Jeremy Kahn sat down with Demis Hassabis, co-founder and CEO of DeepMind, to talk about the current state of AI:
That generations of human wisdom, earned by hard experience, may be about to be wiped out is a fairly depressing thought. It’s not enough that robots are going to take our jobs, they’re going to make us look like fools while doing it. But Hassabis tells me that, on the contrary, he sees potential for AI to unleash a golden age of human creativity.
Take Go again. Hassabis says it’s now clear that the level of human play had reached a kind of plateau. Why? Because those learning the game falsely assumed that with more than 2,500 years of experience playing the game, every strategy had been tried and the rules of thumb accurately distilled this history. Top players, he says, weren’t likely to experiment with wild new strategies, because — even subconsciously — they wouldn’t want to risk losing games and prestige if that experimentation failed.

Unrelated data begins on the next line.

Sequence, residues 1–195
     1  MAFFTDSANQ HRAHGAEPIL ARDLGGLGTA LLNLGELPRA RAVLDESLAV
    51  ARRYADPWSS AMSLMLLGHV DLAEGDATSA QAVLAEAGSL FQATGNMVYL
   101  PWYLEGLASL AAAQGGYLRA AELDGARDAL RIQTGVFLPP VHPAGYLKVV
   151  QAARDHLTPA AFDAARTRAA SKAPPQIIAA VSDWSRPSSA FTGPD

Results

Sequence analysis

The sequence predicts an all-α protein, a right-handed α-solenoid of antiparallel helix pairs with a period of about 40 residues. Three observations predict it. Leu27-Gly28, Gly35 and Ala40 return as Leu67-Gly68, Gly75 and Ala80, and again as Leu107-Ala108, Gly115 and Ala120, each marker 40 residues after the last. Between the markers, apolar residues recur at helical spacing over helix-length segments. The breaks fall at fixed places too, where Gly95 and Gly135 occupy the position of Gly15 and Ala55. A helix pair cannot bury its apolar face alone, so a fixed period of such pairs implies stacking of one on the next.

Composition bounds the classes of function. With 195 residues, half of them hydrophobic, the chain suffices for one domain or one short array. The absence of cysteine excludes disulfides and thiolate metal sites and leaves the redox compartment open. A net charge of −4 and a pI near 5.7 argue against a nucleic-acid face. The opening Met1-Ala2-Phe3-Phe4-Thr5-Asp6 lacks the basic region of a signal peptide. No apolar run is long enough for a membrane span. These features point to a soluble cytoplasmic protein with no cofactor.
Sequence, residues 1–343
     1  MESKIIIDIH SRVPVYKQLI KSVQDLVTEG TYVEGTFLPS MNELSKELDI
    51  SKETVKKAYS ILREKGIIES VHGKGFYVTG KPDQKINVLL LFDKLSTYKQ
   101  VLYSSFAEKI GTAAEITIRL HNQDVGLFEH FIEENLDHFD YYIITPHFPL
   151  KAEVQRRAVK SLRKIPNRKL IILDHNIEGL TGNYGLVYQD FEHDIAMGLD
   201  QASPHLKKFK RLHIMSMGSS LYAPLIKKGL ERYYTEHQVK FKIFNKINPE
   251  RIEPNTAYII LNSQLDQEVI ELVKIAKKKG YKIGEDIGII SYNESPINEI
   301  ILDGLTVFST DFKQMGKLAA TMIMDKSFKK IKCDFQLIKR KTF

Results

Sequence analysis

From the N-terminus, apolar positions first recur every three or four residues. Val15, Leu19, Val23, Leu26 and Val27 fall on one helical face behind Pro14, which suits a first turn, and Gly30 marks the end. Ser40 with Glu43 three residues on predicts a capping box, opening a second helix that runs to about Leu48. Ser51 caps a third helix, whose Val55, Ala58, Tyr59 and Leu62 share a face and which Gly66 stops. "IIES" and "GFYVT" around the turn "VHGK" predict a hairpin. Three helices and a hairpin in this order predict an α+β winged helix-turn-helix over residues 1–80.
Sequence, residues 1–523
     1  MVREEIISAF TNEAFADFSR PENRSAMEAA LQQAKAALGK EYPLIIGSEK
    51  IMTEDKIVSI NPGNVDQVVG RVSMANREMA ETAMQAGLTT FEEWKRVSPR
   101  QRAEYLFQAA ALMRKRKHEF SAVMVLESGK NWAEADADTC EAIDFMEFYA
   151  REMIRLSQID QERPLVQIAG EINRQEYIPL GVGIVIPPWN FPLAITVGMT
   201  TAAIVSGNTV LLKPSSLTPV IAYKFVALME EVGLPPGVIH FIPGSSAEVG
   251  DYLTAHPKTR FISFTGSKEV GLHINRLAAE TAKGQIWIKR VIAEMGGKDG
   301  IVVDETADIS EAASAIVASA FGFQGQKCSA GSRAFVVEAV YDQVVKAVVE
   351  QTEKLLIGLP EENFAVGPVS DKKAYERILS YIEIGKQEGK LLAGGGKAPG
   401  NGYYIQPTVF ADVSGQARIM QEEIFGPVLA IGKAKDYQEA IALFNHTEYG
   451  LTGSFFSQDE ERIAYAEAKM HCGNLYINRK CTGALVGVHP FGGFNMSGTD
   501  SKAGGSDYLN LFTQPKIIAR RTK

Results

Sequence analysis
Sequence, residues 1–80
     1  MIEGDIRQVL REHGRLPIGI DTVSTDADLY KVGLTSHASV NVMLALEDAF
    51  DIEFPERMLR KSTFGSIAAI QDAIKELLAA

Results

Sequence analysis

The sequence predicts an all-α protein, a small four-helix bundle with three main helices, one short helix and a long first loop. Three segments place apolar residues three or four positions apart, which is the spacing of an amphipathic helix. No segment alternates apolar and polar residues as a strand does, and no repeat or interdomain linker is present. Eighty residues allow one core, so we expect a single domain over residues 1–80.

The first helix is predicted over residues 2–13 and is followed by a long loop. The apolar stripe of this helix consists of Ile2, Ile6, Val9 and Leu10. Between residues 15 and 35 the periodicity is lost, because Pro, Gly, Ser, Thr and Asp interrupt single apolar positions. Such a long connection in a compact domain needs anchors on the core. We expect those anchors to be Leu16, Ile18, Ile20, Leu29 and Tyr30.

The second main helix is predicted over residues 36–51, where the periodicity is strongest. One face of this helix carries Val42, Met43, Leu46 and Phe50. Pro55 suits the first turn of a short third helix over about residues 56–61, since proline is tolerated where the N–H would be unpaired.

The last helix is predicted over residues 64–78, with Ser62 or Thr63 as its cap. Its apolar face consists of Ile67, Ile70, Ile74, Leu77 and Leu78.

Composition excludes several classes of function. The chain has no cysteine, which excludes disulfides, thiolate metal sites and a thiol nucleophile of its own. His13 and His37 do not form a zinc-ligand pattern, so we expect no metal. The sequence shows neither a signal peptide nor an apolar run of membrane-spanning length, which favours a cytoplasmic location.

It's human nature to focus on the (potential) negative: loss of jobs, etc. But it seems just as logical -- if not more so -- to think about the positive side effects of all these changes. That's harder, because some of them we won't and cannot know. But just look at human history. Technological change tends to lead to profound shifts for the better...Read more...